Senso Minds

11 Ideas To Get The Most Out Of Sensory Breaks For The Classroom

11 Ideas To Get The Most Out Of Sensory Breaks For The Classroom

A classroom can be both an overwhelming and over stimulating environment for a child, especially a child with sensory needs. It is our job as parents, caregivers, teachers and Occupational Therapists to make the classroom environment as conducive to learning as possible for all children. 

It is a known fact that children need to move--frequently! Children should be given the opportunity to provide their bodies with appropriate input often throughout the school day. By often, I recommend at least every 1-2 hours. In fact, this is why sensory breaks are a critical part of the classroom routine. Here are some tips on how to get the most out of sensory breaks in the classroom.  

Depending on the child and his/her needs, a sensory break will look different from child to child. For one child, the break might be calming and relaxing. For another child, a sensory break will be active and alerting. The time of the breaks can also vary; one child might need sensory input immediately upon entering the school before academic learning begins whereas another child might need a sensory break before transitions between activities. The important part of a sensory break, is that it provides individualized input that brings back a sense of focus and organization, enabling the child to then learn. Engaging in regular sensory breaks will help your child meet his/her greatest academic potential. 


Some children know their bodies well and will recognize the need to take a sensory break in addition to knowing what their break looks like. More frequently, children won’t know when or how to initiate these breaks. A verbal or visual cue can be used to initiate a sensory break activity. This is where sensory break cards are beneficial. The teacher should collaborate with an Occupational Therapist to create sensory cards; these provide visual images of available activities for children to complete. These cards are individualized activity ideas from which the child can select. Again, depending on the child, either the teacher or the child can look through the cards and select the most appropriate sensory break activity for that given moment.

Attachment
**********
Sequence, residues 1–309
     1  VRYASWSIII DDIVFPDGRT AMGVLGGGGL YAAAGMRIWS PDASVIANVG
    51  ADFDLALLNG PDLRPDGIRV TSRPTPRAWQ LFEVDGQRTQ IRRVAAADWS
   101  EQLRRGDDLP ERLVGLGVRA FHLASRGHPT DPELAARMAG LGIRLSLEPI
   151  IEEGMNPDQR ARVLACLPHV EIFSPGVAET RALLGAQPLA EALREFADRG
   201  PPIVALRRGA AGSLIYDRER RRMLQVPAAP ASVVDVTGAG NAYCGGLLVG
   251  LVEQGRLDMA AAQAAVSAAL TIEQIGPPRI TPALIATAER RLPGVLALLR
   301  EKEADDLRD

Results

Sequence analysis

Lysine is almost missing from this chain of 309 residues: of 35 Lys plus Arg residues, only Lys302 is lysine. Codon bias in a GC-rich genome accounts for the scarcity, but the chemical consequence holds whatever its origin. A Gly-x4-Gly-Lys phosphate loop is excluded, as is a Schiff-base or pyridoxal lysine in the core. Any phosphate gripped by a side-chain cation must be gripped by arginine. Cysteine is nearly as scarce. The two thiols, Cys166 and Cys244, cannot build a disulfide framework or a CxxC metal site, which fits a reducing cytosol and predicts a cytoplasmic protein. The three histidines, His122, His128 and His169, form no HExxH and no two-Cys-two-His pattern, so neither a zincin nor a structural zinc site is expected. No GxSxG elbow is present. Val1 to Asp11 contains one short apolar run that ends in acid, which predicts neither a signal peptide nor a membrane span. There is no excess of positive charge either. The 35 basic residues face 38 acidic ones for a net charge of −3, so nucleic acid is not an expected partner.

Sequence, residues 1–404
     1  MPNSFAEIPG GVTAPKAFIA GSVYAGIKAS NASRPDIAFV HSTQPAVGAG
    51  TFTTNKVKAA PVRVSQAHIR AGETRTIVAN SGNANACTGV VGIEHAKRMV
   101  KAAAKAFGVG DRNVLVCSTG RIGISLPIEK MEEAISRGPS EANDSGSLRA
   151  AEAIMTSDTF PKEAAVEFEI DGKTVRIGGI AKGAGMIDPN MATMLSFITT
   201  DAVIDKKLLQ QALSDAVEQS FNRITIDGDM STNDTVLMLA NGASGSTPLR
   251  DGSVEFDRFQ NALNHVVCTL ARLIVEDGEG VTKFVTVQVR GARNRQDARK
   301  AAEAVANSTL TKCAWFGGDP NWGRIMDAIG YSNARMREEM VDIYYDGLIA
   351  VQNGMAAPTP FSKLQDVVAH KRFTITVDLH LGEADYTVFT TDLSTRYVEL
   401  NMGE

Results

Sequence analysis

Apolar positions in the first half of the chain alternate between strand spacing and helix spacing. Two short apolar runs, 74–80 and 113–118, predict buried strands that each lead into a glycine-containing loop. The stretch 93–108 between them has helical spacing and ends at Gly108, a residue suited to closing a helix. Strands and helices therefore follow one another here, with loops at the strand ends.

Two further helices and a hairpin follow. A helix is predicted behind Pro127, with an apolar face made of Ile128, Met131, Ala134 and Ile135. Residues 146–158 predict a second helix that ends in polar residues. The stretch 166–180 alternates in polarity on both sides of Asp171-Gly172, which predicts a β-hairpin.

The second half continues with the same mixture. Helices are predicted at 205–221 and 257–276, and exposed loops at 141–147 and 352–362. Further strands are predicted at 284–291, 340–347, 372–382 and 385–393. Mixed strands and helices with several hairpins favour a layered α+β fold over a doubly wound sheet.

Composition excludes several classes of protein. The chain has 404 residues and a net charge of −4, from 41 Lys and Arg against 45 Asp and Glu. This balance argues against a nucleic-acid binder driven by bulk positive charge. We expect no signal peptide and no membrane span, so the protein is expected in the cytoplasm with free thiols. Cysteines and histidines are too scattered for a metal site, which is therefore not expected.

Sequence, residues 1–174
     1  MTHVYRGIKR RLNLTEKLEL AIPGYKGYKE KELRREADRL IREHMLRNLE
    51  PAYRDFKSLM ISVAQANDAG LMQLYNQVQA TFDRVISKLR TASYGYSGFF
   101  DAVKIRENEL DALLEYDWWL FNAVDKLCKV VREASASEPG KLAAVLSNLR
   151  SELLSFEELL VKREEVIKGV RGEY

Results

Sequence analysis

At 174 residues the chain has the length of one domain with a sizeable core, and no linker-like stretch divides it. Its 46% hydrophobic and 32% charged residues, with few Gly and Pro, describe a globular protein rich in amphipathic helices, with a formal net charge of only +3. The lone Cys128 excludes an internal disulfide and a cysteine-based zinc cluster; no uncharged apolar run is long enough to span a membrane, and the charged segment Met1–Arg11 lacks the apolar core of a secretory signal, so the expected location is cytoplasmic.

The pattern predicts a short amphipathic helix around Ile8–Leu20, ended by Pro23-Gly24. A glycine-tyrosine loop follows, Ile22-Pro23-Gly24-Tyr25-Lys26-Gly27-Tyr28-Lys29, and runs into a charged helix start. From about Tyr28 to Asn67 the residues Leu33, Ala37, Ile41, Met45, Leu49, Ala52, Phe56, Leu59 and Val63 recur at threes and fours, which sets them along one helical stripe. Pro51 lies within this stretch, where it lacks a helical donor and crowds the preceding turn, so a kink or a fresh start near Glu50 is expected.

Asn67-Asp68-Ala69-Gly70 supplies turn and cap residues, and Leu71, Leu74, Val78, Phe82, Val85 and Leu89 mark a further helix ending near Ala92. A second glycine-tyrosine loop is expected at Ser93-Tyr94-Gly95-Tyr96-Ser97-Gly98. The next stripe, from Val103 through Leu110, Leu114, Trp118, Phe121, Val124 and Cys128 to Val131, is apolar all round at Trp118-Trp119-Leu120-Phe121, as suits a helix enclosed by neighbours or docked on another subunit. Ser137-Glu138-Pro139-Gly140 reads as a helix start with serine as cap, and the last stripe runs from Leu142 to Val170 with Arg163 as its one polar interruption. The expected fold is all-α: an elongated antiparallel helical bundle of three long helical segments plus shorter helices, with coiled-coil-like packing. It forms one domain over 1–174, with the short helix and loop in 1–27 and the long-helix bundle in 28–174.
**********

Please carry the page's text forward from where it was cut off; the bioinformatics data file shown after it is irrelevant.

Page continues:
A classroom is typically filled with tables, desks, chairs and kids; space may be limited. Every school configuration is set up differently; depending on the school, sensory activities will have to be completed in a classroom corner, in a hallway, or (if fortunate) in a separate sensory room. Depending on your availability, here are some sensory break ideas that can be implemented and incorporated in a classroom:

  • Weighted lap pad
  • Foot bands
  • Animal walks
  • Bounce on exercise ball
  • Jumping jacks/jump in place
  • Book lifts (ex. lift a book over your head 10x)
  • Stomp/March in place
  • Planks/sit-ups/push-ups
  • Wall/chair push-ups
  • Scooter board
  • Spin

Some activities can be done with a whole class such as: 

  • Simon says
  • 1 leg balance contest
  • Book pass (follow a pattern and pass a weighted book amongst the children) 
  • Freeze dance

Incorporating these sensory activities into the classroom will provide visible changes in children's performance. You will see improved participation, focus, as well as a child's ability to interact with peers in the school environment. Collaboration amongst teachers, parents/caregivers and OT’s can make a dramatic positive impact in the school setting.


Maia B. McSwiggan, MS, OTR/L is an Occupational Therapist as well as a Mama of three! Maia has experience with working in the hospital setting, early intervention and clinic-based OT. Maia began her career in Adult Acute Care followed by In-Patient Pediatrics and then Out-Patient Pediatrics. As of late, she has worked in a private pediatric clinic. She has worked with children with a vast array of diagnoses, some of which include but are not limited to sensory deficits, autism and developmental delay. Maia is a certified infant massage instructor. Between clinical work and raising three (wonderful) children, Maia has extensive experience with child development. She is passionate about her work and loves learning!

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